Xuanhong Cheng, together with ChemE professor James Gilchrist, have been awarded a grant to further their research in bionanoparticles.
Bionanoparticles, such as viruses and vesicles, are primarily found in the areas of clinical diagnoses, defense surveillance, and food safety monitoring. Conventional methods to process them, such as high-speed centrifugation and nanofiltration, are impractical because they are both instrument- and labor-intensive. These challenges motivated Cheng and Gilchrist to develop a new microfluidic method for nanoparticle processing.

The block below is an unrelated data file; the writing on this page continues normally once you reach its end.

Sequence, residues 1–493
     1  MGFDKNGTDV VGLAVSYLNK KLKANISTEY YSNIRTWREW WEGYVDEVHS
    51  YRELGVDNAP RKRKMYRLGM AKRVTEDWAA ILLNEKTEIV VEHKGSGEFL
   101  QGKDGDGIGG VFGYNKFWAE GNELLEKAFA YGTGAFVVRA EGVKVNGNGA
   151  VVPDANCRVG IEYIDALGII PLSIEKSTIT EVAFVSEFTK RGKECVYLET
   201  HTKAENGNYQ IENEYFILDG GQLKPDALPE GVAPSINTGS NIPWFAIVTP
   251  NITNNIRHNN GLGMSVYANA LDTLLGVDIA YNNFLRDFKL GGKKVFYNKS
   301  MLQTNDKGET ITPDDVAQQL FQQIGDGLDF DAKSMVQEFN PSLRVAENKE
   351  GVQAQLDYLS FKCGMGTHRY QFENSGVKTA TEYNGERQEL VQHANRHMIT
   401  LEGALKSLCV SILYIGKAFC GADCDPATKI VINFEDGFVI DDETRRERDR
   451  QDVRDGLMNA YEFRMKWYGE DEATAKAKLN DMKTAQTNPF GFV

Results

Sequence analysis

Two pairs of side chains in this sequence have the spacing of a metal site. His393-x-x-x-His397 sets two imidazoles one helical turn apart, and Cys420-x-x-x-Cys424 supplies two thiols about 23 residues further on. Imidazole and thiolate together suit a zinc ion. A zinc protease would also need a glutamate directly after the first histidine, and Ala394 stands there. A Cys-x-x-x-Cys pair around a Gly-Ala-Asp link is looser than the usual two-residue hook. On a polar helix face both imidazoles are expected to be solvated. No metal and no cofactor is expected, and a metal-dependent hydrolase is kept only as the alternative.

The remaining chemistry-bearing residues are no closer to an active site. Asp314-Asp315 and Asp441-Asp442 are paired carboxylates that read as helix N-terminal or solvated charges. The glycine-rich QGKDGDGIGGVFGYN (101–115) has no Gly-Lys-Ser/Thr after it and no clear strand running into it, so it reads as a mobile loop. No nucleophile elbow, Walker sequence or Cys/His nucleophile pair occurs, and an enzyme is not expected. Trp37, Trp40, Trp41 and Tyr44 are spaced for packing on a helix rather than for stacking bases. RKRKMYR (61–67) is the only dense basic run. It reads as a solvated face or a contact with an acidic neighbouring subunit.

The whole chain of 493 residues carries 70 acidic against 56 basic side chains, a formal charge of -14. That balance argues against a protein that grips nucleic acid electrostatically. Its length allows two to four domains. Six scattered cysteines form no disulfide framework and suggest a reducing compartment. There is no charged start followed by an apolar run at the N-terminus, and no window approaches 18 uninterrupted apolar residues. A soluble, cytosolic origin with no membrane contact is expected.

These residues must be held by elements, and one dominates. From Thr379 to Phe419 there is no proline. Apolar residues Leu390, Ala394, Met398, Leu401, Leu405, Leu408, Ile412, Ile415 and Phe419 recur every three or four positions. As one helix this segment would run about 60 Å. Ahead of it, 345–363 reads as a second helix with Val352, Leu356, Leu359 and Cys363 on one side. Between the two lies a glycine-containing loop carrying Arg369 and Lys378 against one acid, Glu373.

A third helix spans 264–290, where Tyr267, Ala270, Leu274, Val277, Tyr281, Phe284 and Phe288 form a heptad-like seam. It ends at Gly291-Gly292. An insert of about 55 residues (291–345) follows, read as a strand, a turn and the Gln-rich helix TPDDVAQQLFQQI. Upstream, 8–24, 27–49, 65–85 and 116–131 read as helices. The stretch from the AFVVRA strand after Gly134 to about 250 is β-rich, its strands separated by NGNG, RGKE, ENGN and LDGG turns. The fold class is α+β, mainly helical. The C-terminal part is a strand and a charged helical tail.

Success of the proposed research will have a broad impact in viral sample processing for clinical diagnostics of infectious disease, homeland security surveillance, and food safety.
The interdisciplinary research should provide excellent opportunities for undergraduate and graduate student training, contributing to course development in both the undergraduate and graduate curriculum. Cheng and Gilchrist plan to actively participate in K-12 outreach programs to motivate and attract talented students to STEM fields, particularly those of underrepresented groups.